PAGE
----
The Brother Moves On (TBMO) is a South African performance art ensemble from Johannesburg, Gauteng. The group was founded somewhere between the years 2008 and 2010 by broad-based artist Nkululeko Mthembu and his brother Siyabonga Mthembu.[1] TBMO began as a self-proclaimed art movement mainly of graphic and fine artists and since began incorporating instrumentalists for the live performance environment.

In its current configuration The Brother Moves On performs mainly as a band. Members include Siyabonga Mthembu aka Mr.Gold (storyteller, lead vocalist, performance artist), their first cousin on their father’s side Zelizwe Mthembu aka Makongela (vocalist, guitarist, flautist), Ayanda Zalekile (vocalist, bassist, multi-instrumentalist), Simphiwe Tshabalala (vocalist, drummer) and Molefi Kgware (saxophone). The band feature a variety of instrumentalists from bands in the Johannesburg live music scene namely Itai Hakim from poetry duo Children of the Wind, Malcolm Jiyane from the Malcolm Jiyane trio and Solethu Madasa from the Solethu Madasa quintet.

Comedy tuesdays at the Orbit

Comedy tuesdays at the Orbit

Nova Masango

Lebohang ‘Nova’ Masango is a writer, poet, activist, feminist and speaker – living her best life, in love and service to girls and women. She writes for Essays of Africa magazine and the acclaimed website for teen girls, Rookie Mag. She is currently featured on musician, Reason’s song “Endurance” alongside Hip Hop Pantsula. She is the ambassador of the ‘Zazi’ campaign, the official sexual health programme for girls and young women across all higher education institutions in South Africa. She has also collaborated with Zonke Dikana on the ‘Zazi’ theme song. She was the youth representative at the UNAIDS’ November 2014 meetings in Geneva, Switzerland to address sexual health programming concerns with global stakeholders. Nova has been invited as a speaker at the 7th Annual South African AIDS Conference in Durban. She has been published in the July/ August 2015 edition of the renowned Poetry Foundation’s publication, Poetry Magazine.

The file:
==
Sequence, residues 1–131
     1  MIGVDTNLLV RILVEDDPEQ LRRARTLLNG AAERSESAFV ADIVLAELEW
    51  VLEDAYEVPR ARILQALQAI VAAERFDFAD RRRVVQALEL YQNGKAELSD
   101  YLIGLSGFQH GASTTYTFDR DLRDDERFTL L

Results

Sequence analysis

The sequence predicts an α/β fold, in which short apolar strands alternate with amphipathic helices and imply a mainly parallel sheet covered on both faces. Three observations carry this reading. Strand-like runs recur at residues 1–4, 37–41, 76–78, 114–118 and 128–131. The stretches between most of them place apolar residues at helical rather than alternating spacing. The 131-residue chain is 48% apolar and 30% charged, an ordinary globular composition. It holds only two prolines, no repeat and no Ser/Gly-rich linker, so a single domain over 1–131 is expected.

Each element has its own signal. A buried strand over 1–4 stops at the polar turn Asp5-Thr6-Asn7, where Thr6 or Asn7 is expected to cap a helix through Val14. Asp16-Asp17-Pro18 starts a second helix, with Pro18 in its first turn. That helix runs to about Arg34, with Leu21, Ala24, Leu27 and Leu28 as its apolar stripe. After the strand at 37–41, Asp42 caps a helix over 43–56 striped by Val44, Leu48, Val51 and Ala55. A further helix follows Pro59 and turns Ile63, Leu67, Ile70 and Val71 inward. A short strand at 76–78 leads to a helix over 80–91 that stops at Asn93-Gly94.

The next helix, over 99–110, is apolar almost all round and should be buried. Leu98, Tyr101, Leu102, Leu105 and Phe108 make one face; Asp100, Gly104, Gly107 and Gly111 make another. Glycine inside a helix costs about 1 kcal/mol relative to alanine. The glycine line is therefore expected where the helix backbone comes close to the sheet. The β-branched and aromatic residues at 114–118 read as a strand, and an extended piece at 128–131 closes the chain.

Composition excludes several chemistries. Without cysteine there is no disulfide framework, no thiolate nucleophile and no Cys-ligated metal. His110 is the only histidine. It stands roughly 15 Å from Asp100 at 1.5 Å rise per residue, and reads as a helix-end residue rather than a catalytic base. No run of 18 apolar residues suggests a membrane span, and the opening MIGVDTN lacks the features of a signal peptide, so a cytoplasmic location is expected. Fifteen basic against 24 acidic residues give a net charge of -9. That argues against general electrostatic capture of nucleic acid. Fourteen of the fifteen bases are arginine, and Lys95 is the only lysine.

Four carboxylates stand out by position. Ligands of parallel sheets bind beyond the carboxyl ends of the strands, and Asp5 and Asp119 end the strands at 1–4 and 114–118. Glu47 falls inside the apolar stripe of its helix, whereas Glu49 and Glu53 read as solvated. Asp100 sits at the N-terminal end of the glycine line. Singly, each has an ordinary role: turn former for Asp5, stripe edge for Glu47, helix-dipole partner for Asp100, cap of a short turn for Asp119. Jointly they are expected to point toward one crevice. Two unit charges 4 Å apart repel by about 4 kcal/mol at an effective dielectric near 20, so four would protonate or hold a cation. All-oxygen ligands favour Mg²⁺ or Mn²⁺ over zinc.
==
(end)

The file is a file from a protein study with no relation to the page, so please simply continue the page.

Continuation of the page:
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Goliath Comedy Show

Goliath Comedy Show

The Goliath Comedy Club is an exquisite and quirky comedy club and restaurant that also features a brilliant coffee shop called Roast Cafe.

This lifestyle venue is a breath of fresh air in Johannesburg fusing entertainment, exceptional food, coffee, cakes and cocktails. It’s the perfect spot to sit and work from during the day or meet for drinks after work. As for the comedy shows, we suggest you make an evening out of them and eat and giggle your heart out.

Their comedy shows take place on Thursdays, Fridays and Saturdays and feature only the best local and international talent.

Book for one of their shows, head there early for a boozy and delicious dinner before losing yourself in the comedy.

For more information visit Goliath Comedy Club.